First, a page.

Wednesday August 18, 2010
Salmon Nations Pull Together Against Fish Farms
Paddle for wild salmon runs the river in October
Voice file photo
Last April the first group of paddlers headed down the Fraser River and made a stop at Island 22.
nspired by Salmon Are Sacred, skippers and experienced paddlers are pulling together to ‘Paddle for Wild Salmon’ down the Fraser River in October. Support amongst First Nations is building with Alexandra Morton paddling with Grand Chief Stewart Phillip, Grand Chief Saul Terry, Grand Chief Clarence Pennier, Chief Bob Chamberlin, Chief Marilyn Baptiste, Chief Andy Phillips, June Quipp, Ernie Crey and other leaders.
Paddlers from the Stó:lo Nation, Squamish Nation, Cowichan Tribes and Musgamagw-Tsawataineuk Tribal Council have already committed themselves to the journey from Hope to Vancouver (20th to 25th October).
Grand Chief Stewart Phillip, President of the Union of BC Indian Chiefs, said:
“I am deeply honored to support such a vital effort to protect and defend our wild salmon stocks. First Nations have long depended and continue to depend on the many runs of salmon of the Fraser River, Somass River, Skeena River and the many rivers along the BC coast. We call on all First Nations to join us on the Paddle for Wild Salmon. We all need to pull together to explicitly demonstrate to Government, industry and the Cohen Commission that wild salmon comes first.”
Grand Chief Clarence Pennier, President of the Stó:lō Tribal Council, said:
“We are at a crossroads when it comes to wild salmon in BC. We need to take the right fork in the road. Hopefully the paddle will bring more awareness to the plight of the wild salmon. The paddle will also demonstrate that there are lots of people who want to see wild salmon protected by switching to land-based fish farms.”
Elena Edwards, one of the organizers of the Paddle for Wild Salmon, said:
“The Paddle for Wild Salmon is about recognizing the need to join together as one strong voice to deliver the message to government, and to all people, that we will not stand idly by while wild salmon go the way of the buffalo. That we now consider 12 million to be a good run implies we’ve forgotten that historical runs along the Fraser River were up to 92 million. What happened to the other 80 million? We need to do whatever it takes to give wild salmon a chance to recover to a healthy population. First Nations, fishermen and communities up and down the Fraser River and along the BC coast are all in the same boat, whatever our differences, pulling together for wild salmon. Taking a stand for wild salmon cannot be put off any longer.”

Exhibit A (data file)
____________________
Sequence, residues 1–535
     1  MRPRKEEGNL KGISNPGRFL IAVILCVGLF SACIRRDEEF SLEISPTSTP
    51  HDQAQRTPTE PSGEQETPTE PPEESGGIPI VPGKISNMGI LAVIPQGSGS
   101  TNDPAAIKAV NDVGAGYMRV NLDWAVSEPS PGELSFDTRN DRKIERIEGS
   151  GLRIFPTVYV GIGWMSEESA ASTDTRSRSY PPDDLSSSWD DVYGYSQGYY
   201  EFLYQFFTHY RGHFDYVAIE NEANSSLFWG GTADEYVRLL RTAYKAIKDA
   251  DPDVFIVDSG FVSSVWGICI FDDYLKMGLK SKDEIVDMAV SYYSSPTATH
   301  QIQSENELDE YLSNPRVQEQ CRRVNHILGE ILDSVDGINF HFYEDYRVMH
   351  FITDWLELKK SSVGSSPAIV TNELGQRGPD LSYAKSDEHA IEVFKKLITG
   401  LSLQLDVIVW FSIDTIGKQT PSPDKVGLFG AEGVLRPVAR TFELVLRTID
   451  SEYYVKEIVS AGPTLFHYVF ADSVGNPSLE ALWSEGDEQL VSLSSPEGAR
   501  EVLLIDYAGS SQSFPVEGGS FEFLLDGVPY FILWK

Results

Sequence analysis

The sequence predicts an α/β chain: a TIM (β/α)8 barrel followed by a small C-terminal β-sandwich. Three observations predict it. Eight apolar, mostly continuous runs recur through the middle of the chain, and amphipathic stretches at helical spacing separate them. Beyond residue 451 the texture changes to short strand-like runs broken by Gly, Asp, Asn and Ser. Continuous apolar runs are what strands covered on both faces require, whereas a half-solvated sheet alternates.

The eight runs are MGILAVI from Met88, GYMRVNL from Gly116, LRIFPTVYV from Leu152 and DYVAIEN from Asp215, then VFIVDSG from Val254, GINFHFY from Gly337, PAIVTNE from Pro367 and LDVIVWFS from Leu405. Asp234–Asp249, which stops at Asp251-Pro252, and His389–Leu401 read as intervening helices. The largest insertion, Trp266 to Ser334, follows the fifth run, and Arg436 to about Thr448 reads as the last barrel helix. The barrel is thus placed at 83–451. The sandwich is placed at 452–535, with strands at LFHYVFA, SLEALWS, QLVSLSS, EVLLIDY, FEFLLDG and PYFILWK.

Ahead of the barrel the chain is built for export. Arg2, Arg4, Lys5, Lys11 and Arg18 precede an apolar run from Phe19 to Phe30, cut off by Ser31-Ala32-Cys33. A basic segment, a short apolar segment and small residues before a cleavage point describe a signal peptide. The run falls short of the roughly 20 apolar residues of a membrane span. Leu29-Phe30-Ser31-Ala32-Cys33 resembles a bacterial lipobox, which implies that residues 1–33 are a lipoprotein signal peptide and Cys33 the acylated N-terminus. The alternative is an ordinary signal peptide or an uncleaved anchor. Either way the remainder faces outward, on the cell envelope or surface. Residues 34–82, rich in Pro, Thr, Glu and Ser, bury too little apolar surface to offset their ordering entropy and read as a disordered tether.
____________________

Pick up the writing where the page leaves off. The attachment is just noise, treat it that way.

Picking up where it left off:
Dr Alexandra Morton, who was recently awarded an Honorary Doctorate from Simon Fraser University, said:
“Five thousand people delivered the message to the Parliament in Victoria last May - get salmon feedlots out of our ocean to protect wild salmon, but the federal government is taking us backwards with their plans to deregulate the industry. So we need to try and communicate again and the Get Out Migration moves on to the Fraser River. On the walk down Vancouver Island First Nations communities came together to swell our numbers and guide us in ceremony. Migrating down the Fraser River in October will be a challenge, but experienced paddlers are dedicated to this including many from Tribal Journeys. This year’s sockeye run tells us these fish are worth standing up for.”
Darren Blaney of the Homalco
First Nation will also lead a canoe team across the Salish Sea to join the
paddlers in Vancouver on 25th October with other canoes considering making the
journey from Nanaimo, Victoria, Cowichan Valley, the Sunshine Coast and
Washington. Kayakers from the Pipedreams Project will leave Kitimat on 1st
September and plan to join the Paddle for Wild Salmon in October.
At the end of the paddle the ‘Stand Up for Wild Salmon’ walk will start from Vanier Park in Vancouver on 25th October with a flotilla gathering in Vancouver Harbor. The procession will walk across Burrard Bridge to the DFO office and then on to the Law Courts to visit the opening day of the Cohen Commission’s evidential hearings. A rally will then take place at the Art Gallery.
Salmon Are Sacred will be in Lillooet tomorrow (18 August) for the Cohen Commission’s public forum – and in Campbell River next week (25 August).
For more details of ‘The Paddle for Wild Salmon’ including a poster by Carl Chaplin and photos please visit: http://www.salmonaresacred.org/paddle-wild-salmon
Contact: Elena Edwards and Don Staniford: 250 230 1172
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